AUSTRIA : A PILLAR OF EUROPEAN POLITICS
Prince Klemens Wenzel von Metternich Nepomuk Lothar, Fürst von Metternich-Winneburg zu Beilstein, anglicised as Clement Wenceslas Lothar von Metternich-Winneburg-Beilstein; 15 May 1773 – 11 June 1859 was a politician and statesman of Rhenish extraction and one of the most important diplomats of his era, serving as the Austrian Empire’s Foreign Minister from 1809 and Chancellor from 1821 until the liberal revolutions of 1848 forced his resignation. One of his first tasks was to engineer a détente with France that included the marriage of Napoleon to the Austrian archduchess Marie Louise. Soon after, he engineered Austria’s entry into the War of the Sixth Coalition on the Allied side, signed the Treaty of Fontainebleau that sent Napoleon into exile, and led the Austrian delegation at the Congress of Vienna that divided post-Napoleonic Europe amongst the major powers. For his service to the Austrian Empire he was given the title of Prince in October 1813. Under his guidance, the “Metternich system” of international congresses continued for another decade as Austria aligned herself with Russia and, to a lesser extent, Prussia. This marked the high point of Austria’s diplomatic importance, and thereafter Metternich slowly slipped into the periphery of international diplomacy. At home, Metternich held the post of Chancellor of State from 1821 until 1848, under both Francis I and his son Ferdinand I. After brief exile in London, Brighton, and Brussels that lasted until 1851, he returned to the Viennese court, this time to offer only advice to Ferdinand’s successor, Franz Josef. Having outlived his generation of politicians, Metternich died at the age of 86 in 1859.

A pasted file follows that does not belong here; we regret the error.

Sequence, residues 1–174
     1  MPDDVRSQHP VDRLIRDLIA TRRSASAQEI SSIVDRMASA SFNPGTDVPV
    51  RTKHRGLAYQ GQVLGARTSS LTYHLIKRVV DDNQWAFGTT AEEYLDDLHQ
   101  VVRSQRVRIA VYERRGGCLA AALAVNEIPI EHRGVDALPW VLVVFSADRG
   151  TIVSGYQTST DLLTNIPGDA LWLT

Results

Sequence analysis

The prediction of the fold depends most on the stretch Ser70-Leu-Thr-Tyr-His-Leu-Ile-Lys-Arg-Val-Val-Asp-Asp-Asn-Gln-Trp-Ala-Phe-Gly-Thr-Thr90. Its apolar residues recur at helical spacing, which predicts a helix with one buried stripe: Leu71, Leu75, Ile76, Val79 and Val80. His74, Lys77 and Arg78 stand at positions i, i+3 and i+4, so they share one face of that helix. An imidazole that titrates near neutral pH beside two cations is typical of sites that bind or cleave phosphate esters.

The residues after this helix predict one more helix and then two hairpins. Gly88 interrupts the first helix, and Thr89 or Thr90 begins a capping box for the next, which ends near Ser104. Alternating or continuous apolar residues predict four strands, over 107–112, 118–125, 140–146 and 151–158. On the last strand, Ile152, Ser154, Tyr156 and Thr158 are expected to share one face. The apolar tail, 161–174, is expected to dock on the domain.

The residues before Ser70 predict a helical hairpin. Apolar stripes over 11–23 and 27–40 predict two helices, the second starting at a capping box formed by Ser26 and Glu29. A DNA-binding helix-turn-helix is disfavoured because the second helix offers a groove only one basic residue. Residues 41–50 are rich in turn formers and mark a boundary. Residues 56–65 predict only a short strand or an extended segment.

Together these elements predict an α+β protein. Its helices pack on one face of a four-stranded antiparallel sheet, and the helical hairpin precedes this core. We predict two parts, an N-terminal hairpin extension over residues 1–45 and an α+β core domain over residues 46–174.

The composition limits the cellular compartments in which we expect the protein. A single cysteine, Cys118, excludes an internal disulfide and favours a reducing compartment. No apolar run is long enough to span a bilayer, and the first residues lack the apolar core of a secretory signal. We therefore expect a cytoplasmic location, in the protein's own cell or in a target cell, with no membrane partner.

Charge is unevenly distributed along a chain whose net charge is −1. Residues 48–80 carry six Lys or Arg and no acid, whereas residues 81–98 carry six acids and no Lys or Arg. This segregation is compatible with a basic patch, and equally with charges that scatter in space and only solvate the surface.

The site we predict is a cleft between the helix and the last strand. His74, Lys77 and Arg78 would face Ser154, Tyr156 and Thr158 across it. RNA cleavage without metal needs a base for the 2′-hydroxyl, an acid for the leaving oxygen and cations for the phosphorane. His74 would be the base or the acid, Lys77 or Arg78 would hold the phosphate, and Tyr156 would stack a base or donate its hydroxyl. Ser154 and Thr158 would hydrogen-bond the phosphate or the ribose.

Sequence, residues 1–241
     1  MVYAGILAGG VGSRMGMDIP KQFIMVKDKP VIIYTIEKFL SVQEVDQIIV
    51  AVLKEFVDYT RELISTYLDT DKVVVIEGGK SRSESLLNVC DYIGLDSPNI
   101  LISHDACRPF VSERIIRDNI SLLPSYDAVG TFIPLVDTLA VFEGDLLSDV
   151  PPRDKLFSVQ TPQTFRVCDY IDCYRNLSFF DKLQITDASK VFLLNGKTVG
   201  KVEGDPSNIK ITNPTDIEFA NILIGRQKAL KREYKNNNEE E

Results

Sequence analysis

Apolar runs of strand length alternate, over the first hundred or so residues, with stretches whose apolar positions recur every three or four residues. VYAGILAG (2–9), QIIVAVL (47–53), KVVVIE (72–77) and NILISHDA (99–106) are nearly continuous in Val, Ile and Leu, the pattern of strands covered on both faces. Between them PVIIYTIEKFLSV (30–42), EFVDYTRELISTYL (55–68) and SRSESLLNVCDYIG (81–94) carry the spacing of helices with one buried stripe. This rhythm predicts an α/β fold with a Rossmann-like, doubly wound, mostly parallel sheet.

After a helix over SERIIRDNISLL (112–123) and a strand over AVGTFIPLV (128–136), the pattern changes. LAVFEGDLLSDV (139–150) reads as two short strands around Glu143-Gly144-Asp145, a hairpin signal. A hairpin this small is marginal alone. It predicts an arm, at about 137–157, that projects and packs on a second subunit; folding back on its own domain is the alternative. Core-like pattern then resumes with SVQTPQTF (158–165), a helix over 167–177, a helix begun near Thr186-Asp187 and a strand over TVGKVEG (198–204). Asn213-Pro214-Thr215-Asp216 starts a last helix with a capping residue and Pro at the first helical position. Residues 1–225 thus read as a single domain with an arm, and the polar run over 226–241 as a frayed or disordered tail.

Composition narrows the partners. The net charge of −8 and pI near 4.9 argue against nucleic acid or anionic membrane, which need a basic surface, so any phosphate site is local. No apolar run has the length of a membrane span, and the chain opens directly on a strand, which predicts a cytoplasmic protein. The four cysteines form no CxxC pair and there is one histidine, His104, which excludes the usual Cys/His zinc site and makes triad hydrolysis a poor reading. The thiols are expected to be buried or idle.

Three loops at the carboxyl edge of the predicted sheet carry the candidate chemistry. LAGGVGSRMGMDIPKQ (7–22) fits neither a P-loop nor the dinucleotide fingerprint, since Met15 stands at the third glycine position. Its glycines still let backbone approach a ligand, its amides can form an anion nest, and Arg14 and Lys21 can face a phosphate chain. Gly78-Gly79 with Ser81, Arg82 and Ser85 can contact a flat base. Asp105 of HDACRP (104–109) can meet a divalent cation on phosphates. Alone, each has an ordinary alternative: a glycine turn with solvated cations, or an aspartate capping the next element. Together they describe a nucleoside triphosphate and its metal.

Born into the House of Metternich in 1773, the son of a diplomat, Metternich received a good education at the universities of Strasbourg and Mainz. He was of help during the coronation of Francis II in 1792 and that of his predecessor, Leopold II, in 1790. After a brief trip to England, Metternich was named as the Austrian ambassador to the Netherlands, a short-lived post, since the country was brought under French control the next year. He married his first wife, Eleonore von Kaunitz, in 1795, which aided his entry into Viennese society. Despite having numerous affairs, he was devastated by her death in 1825. He would later remarry, wedding Baroness Antoinette Leykam in 1827 and, after her death in 1829, Countess Melanie Zichy-Ferraris in 1831. She would predecease him by five years. Before taking office as Foreign Minister, Metternich held numerous smaller posts, including ambassadorial roles in the Kingdom of Saxony, the Kingdom of Prussia and Napoleonic France. One of Metternich’s sons, Richard von Metternich, was also a successful diplomat; many of Metternich’s twelve other acknowledged children predeceased him. A traditional conservative, Metternich was keen to maintain the balance of power, in particular by resisting Russian territorial ambitions in Central Europe and lands belonging to the Ottoman Empire. He disliked liberalism and worked to prevent the breakup of the Austrian empire, for example, by crushing nationalist revolts in Austrian north Italy and the German states. At home, he pursued a similar policy, using censorship and a wide ranging spy network to suppress unrest.
Metternich has been both praised and heavily criticised for the policies he pursued. His supporters point out that he presided over the “Age of Metternich”, when international diplomacy helped prevent major wars in Europe. His qualities as a diplomat are commended, some noting that his achievements were considerable in light of the weakness of his negotiating position. His decision to oppose Russian imperialism is seen as a good one. His detractors describe him as a boor who stuck to ill-thought-out, conservative principles out of vanity and a sense of infallibility. They argue he could have done much to secure Austria’s future; instead, his 1817 proposals for administrative reform were largely rejected, and his opposition to German nationalism is blamed for Germany’s unification under Prussia and not Austria. Other historians have argued that he had far less power than this view suggests and that his policies were only exercised when they were in accord with the views of Austria’s Habsburg monarchy.